A publication of the Archaeological Institute of America
From the Trenches
By JARRETT A. LOBELL
Tuesday, October 15, 2013
At Vestervang, on the Danish island of Zealand, archaeologists and metal detectorists have uncovered 20 stunning pieces of Iron Age jewelry. While most of the adornments date to the Viking period and are made of bronze, some of them are gilded or covered in gold foil. All but two pieces are Scandinavian in origin.
Vestervang was, for many centuries, a fairly modest farmstead. Thus, archaeologist Ole Kastholm of the Roskilde Museum was surprised to find such lavish artifacts there. “My explanation for the richness of the finds is that the farmstead was owned by one of the Viking king’s retainers. Furthermore, the site is close to the town of Lejre, which was the capital city of Zealand between A.D. 500 and 1000.”
By MALIN GRUNBERG BANYASZ
Tuesday, October 15, 2013
You might say, “Toto, I have a feeling we’re not in Kansas anymore,” when you first lay eyes on El Cuartelejo. But you’d be wrong. Built in western Kansas in the 1600s by the Taos Indians, El Cuartelejo is the northeasternmost pueblo in North America and the only one in the Jayhawk State, according to Robert J. Hoard, state archaeologist. The high plains of Kansas are known for being dry and flat, but the site is surrounded by canyons and bluffs, shielding it from adverse weather and making it an appealing place for a pueblo. El Cuartelejo also has good access to water and to stone for construction and tool-making. Even today, Hoard says, the area is so lush that it supports grapevines. The pueblo was inhabited by the Taos Indians for several years before Spanish soldiers escorted them back to their Southwestern homeland, and later by a group of Picuris Indians between 1696 and 1706.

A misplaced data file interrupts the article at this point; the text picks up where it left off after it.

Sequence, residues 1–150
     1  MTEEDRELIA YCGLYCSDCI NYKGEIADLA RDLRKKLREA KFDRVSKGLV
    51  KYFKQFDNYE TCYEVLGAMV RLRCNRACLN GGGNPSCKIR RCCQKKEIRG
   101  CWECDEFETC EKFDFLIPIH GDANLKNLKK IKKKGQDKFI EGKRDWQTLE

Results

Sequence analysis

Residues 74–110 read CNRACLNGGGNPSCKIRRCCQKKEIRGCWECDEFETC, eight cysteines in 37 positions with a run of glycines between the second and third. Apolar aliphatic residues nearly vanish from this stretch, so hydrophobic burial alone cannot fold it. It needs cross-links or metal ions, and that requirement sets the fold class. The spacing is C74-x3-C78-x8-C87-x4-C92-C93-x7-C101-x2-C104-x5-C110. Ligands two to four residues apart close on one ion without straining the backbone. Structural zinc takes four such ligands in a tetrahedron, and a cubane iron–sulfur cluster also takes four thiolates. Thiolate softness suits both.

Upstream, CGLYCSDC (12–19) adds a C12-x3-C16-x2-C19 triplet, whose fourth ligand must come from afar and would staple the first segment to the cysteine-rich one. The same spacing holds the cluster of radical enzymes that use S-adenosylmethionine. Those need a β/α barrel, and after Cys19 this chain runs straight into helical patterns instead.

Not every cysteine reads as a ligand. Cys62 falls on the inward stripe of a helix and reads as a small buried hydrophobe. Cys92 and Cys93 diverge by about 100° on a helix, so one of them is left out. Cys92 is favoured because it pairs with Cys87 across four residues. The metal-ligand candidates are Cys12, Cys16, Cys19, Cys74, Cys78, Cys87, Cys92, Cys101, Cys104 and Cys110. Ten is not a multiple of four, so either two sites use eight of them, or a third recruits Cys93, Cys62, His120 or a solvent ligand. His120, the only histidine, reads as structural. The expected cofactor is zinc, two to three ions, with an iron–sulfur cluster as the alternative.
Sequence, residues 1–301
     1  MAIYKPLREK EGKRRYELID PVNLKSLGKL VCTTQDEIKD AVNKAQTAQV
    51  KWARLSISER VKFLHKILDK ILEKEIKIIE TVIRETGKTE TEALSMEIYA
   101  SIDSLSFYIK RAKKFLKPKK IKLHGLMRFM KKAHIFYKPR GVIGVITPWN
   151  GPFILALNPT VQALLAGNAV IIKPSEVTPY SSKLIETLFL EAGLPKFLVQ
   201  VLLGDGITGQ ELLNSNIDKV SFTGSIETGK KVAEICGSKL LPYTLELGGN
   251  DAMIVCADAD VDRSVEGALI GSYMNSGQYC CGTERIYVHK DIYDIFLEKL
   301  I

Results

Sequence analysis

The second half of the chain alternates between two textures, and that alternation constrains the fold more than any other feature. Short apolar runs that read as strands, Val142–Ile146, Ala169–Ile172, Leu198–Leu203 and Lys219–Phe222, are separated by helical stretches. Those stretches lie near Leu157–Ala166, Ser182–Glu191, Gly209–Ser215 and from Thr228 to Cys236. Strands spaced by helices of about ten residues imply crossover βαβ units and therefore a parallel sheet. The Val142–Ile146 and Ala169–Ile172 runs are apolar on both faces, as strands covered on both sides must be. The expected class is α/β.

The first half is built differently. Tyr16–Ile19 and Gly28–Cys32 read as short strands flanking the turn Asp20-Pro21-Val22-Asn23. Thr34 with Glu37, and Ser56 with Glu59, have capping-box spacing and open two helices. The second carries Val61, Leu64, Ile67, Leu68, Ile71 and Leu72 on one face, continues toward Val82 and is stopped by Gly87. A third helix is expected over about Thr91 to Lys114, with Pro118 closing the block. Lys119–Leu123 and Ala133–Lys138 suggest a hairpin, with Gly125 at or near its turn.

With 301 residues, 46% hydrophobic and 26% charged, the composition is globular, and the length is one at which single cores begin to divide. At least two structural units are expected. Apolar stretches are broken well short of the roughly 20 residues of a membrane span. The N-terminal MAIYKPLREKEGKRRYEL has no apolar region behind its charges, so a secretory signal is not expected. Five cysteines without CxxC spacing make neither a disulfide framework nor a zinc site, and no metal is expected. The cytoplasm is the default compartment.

In the mid-1890s, the site now known as El Cuartelejo was excavated by two professors from the University of Kansas. They found the lower portions of stone walls that formed the foundation of a pueblo, inside of which were artifacts such as stone and bone tools, ornaments, and pottery sherds, some of which came from the pueblos of the Southwest. In 1970, Tom Witty of the Kansas State Historical Society excavated further, and unearthed the entire pueblo floor, hearths, and postholes. He also found evidence of an Apache roasting pit that predates the pueblo ruins. El Cuartelejo, which means “old barracks” or “old building,” was a seven-room pueblo, and visitors (the site is in Scott State Park and open to the public) can see its reconstructed foundation covering about 1,600 square feet. Archaeologists have found postholes in pairs, indicative of ladders that allowed access to doorless rooms in typical pueblo style. There are several related sites nearby. The El Quartelejo Museum in Scott City has exhibits that include artifacts and fossils, early Native American camp scenes, and a replica of the pueblo.
While you’re there